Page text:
NATO Secretary General Jens Stoltenberg said that in order to find a political solution to the conflict in Syria it is necessary to build on the "significant reduction of violence," speaking at a summit of NATO defence ministers in Brussels on Friday.
Stoltenberg said that the allies agreed on the need to "safeguard the gains made in the fight against ISIS" welcoming the German Defence Minister Annegret Kramp-Karrenbauer's call for an internationally monitored safe zone in northern Syria.
Commenting on NATO's operation in Afghanistan, Stoltenberg said "We will make decisions on our presence there together and when the time is right we will leave together. We don't want to stay in Afghanistan longer than necessary, but at the same time if we leave too early the price can be very high."
"These guidelines are not against a specific country or a specific company, but they establish some requirements which we expect all allies to meet because we depend as a military alliance that civilian infrastructure including 5G is working in peace time, in crisis and in conflict." Stoltenberg added.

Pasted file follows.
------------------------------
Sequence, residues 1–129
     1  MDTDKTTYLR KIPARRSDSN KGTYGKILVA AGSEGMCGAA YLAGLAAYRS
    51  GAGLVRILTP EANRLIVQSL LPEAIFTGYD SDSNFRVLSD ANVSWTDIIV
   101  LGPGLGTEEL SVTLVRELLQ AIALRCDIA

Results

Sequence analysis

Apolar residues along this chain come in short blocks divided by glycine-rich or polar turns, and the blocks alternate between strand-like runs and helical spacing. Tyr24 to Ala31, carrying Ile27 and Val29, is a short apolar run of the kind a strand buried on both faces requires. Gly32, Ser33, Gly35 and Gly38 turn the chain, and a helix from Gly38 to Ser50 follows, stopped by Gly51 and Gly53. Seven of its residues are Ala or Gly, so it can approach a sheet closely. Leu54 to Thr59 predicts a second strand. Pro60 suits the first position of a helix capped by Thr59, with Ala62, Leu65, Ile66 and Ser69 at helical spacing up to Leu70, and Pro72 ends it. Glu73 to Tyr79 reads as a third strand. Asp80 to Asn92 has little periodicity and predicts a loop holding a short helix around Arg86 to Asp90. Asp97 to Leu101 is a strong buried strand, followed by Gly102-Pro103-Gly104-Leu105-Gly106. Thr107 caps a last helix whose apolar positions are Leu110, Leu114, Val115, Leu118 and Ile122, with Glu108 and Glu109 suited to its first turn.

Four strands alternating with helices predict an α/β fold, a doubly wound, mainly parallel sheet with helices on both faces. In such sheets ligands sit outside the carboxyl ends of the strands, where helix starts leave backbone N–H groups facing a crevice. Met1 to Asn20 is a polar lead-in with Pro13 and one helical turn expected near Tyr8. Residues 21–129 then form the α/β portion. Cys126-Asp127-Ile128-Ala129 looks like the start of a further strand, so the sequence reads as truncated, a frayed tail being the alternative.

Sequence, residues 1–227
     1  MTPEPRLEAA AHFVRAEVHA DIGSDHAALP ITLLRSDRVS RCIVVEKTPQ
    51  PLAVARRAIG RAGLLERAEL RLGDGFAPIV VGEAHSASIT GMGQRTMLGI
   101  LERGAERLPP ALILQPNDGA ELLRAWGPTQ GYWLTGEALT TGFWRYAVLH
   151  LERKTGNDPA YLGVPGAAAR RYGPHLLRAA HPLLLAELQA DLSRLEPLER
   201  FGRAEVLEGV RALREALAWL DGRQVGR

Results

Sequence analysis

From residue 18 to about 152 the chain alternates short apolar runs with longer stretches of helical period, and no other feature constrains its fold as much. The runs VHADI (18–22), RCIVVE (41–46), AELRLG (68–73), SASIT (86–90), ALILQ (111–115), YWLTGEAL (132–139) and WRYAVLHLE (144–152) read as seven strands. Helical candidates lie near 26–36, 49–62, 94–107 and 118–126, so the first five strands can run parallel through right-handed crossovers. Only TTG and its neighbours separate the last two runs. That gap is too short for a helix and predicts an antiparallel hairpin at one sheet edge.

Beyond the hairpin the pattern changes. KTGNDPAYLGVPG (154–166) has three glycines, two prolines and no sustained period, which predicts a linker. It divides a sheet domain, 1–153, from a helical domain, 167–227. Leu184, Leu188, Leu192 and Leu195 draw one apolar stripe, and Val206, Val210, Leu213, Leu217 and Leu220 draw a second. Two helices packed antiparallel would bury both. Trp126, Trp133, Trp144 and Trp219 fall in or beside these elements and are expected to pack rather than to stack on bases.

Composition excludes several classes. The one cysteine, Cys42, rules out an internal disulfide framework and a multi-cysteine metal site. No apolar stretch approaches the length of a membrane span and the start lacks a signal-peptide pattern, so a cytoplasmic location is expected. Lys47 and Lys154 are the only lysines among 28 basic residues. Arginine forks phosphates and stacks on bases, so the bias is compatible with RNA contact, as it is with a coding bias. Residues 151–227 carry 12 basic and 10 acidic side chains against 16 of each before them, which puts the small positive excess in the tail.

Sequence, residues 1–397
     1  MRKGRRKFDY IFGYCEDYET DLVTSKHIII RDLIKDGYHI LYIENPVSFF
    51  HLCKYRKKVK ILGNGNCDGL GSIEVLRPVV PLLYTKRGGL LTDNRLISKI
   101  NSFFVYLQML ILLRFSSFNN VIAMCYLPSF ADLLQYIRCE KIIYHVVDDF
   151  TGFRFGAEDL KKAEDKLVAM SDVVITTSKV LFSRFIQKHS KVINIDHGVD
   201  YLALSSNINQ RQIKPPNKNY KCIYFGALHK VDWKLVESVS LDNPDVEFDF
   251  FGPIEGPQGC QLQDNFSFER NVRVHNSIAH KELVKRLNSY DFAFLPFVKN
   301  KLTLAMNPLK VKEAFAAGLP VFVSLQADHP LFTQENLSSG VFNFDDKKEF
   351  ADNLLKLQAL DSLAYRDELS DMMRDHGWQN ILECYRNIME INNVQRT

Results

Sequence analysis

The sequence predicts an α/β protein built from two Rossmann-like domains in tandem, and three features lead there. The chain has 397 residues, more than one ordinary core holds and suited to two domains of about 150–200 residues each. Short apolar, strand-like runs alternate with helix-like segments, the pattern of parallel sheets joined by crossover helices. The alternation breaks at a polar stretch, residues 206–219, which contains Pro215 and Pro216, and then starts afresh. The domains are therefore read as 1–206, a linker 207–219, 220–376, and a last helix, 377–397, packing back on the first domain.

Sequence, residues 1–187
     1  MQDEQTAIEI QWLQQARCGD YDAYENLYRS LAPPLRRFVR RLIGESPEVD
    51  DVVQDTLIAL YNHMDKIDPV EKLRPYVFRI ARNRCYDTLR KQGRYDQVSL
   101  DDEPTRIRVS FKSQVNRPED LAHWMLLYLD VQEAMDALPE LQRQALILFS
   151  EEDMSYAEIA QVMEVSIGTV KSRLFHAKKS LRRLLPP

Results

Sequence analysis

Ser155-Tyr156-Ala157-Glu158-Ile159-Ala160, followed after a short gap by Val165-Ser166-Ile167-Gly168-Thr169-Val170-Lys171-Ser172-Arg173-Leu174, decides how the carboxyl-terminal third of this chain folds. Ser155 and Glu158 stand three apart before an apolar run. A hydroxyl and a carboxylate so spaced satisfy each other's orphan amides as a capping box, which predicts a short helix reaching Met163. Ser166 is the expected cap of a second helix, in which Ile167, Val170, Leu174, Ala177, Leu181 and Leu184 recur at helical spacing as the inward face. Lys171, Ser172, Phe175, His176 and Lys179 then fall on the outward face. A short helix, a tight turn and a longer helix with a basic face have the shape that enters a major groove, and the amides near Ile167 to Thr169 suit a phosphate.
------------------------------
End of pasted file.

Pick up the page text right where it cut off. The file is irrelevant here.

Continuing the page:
On Tuesday, Russia and Turkey agreed to establish a 'safe-zone' in north-eastern Syria and to carry out joint border patrols in the area, as well as on giving Kurdish forces 150 hours to withdraw from the zone, starting from Wednesday, October 23.
According to the accord, Ankara's military operation in north-eastern Syria, dubbed 'Operation Peace Spring', will continue between the towns of Tel Abyad and Ras al-Ayn, some 32 kilometres (20 miles) inside Syrian territory.